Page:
UNDERSTANDING PAUL

What does Paul mean when he uses the phrase the righteousness of God? Is he writing about God imputing his own righteousness to us as his people?

Understanding is the most important element which is missing within the narrative of Romans. Understanding Paul is what we need in our community but some scholars see Paul to be radical and also controversial figure. In recent times, a large number of accusations against him have meant that many find him difficult to like, and one can understand Paul depending on the information he/she has receive and studied. The book of Acts provides historical record for knowing the Apostle Paul. Romans were written by Paul probably from Corinth on his third missionary journey. Paul intended to stop in Rome on his way to Spain to preach the Gospel. Paul got to Rome by way of his arrest and appeal to Caesar which was not the way he anticipated. Romans was written in anticipation of Paul’s visit and to presents an orderly, comprehensive, systematic, doctrinal explanation of the Gospel and how to appropriate and apply its truth by faith.

The theme of Romans has to do with the righteousness of God and how humanity can obtain and live in the righteousness of God. Each major division of Romans contributes to our understanding of the righteousness of God. “Many know that Romans is his greatest Letter. Some may even have heard of the powerful effect this letter has had, over again, in the history of the church: great figures like Augustine, Luther and Barth have studied it and come back with a fresh and challenging word from God” (Wright, 2004, p1)

Paul, who introduces himself as a servant of Christ Jesus, called to be an apostle for the gospel of Christ. “The description is more striking in a Greek work, such as this epistle, than in Semitic literature. A Greek did not think of himself as the slave of his ruler or king, nor did he think of himself as the slave of his divine king, or god, or speak of his service to the god as slavery.” (Barrett, 1991, p17) Paul writes to the Christian in Rome to strengthen and support them. Paul sets out his purpose and then declares that he is under obligation to preach the Gospel to Jew and Gentile. “The Gospel means salvation for everyone who has faith, but it was delivered to the Jew first, and then the Gentile too” (Barrett, 1991, p29)

The word “righteousness” dikaiosunh takes on the different meanings in the scripture. A   moral sense is often present, of being right, uprightness. A covenantal sense is at all time present where being right in the eyes of God entails a person’s compliant covenant standing and therefore, by implication, their right to access the covenant blessing of God.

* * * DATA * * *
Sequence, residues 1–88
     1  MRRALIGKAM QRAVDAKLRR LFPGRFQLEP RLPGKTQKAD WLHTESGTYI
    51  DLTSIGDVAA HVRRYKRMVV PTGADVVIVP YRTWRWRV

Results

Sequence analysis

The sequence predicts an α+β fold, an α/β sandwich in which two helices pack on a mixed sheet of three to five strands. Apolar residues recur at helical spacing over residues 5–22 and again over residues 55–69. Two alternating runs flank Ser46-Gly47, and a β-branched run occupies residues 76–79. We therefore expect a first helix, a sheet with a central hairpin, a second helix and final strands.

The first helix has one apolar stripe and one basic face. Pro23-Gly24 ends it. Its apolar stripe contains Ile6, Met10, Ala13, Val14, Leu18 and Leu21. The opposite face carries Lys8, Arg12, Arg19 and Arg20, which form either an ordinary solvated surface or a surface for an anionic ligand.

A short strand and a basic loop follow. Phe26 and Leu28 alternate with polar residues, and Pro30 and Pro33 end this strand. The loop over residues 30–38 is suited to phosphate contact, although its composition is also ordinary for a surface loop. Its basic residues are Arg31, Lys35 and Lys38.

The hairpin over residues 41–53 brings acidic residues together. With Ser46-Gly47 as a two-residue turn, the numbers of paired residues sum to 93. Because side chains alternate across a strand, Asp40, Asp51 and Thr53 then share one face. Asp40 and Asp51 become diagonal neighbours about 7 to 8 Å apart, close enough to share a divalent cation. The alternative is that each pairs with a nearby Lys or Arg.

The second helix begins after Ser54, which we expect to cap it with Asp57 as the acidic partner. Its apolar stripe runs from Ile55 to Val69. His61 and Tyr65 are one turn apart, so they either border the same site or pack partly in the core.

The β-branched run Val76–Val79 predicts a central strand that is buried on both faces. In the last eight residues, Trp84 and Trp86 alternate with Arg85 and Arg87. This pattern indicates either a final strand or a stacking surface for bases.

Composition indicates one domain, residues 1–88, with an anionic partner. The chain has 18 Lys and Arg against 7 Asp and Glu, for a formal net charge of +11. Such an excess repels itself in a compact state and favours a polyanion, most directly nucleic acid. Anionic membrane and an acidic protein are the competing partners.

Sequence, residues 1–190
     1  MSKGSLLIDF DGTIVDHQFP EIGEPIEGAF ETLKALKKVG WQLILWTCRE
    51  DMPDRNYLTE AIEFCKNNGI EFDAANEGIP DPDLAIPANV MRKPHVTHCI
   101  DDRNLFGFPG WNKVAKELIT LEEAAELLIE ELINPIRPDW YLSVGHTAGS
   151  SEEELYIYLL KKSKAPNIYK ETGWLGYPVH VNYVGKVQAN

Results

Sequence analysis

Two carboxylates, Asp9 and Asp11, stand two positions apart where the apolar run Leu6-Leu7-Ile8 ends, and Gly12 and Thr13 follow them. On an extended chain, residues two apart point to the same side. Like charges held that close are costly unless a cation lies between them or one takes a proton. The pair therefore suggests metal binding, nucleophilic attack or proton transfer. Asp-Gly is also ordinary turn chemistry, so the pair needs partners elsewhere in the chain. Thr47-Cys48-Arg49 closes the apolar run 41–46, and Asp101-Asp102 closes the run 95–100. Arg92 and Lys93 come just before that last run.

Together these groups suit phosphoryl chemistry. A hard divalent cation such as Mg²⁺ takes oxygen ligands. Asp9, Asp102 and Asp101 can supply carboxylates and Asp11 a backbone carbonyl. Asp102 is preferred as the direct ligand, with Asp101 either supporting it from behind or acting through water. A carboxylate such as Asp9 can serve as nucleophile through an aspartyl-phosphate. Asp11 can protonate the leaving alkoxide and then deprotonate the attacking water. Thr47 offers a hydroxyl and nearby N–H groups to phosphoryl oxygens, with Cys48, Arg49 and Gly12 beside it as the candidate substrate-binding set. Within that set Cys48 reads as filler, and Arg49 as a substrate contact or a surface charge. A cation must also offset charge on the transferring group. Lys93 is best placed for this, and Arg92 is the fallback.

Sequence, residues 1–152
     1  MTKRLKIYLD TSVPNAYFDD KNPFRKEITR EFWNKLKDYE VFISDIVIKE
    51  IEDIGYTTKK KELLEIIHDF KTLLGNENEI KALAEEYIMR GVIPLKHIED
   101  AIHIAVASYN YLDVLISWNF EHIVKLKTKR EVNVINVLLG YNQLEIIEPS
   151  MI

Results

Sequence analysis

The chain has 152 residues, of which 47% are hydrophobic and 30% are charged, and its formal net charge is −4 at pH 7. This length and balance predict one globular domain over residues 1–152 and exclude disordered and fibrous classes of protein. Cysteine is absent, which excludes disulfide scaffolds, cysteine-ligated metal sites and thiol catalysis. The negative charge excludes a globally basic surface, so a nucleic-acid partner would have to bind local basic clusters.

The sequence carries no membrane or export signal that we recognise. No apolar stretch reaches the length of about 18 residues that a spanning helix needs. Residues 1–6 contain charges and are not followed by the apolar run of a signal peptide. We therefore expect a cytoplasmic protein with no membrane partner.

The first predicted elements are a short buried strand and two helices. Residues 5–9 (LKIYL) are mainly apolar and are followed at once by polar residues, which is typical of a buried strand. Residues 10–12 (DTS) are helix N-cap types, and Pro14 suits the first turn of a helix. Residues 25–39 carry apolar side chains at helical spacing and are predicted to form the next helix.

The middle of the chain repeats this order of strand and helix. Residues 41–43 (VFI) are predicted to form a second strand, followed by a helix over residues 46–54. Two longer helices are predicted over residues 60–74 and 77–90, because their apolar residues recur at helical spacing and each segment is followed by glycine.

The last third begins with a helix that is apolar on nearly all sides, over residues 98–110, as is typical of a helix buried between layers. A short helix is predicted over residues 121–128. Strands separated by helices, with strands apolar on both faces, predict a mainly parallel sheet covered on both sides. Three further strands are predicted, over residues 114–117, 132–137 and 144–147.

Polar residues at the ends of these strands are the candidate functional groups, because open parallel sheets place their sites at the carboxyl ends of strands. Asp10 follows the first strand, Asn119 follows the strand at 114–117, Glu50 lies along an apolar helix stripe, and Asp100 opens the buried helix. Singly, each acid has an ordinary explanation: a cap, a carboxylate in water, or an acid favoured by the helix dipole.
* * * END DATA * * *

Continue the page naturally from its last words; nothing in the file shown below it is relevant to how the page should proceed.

God’s righteousness is said to be revealed (Romans 1:17) and manifested (Romans 3:21).

Hence, it is argued that God’s righteousness is an effective work of God that cannot be limited to a mere declaration, for it includes the entire creation and not just the individual. What God declares becomes reality since he is the redeemer and the creator of the world

Righteousness is not a concept we encounter frequently. Righteousness is the ability to stand in the presence of God without condemnation, guilt or shame. “The righteousness of God refers to his faithfulness to the covenant implied in creation and is an apocalyptic term describing God’s promised activity in setting his rebellious creation to rights” (Barrett, 1991, p31) If man was to be restored to perfect fellowship with the father, God righteousness must be given to him. All sin consciousness, sense of unworthiness, and inferiority must be eliminated from man’s spirit and mind. With God given righteousness, one can stand in the presence of God without condemnation, guilt or shame. Therefore, there is now no condemnation for those who are in Christ Jesus, who will bring any charge against those whom God has chosen. It is God who justifies (Romans 8:1, 33) Paul discovered his personal identify for the purpose of winning to Jesus Christ his Lord.

Righteousness includes the idea of God doing what is right, what is just, what is fair, and what is morally upright; Justice, fairness, and uprightness are built into the idea of righteousness. The gospel shows that God is just, fair, and right. The Old Testament speaks about God’s righteousness in relation to bring salvation to his people.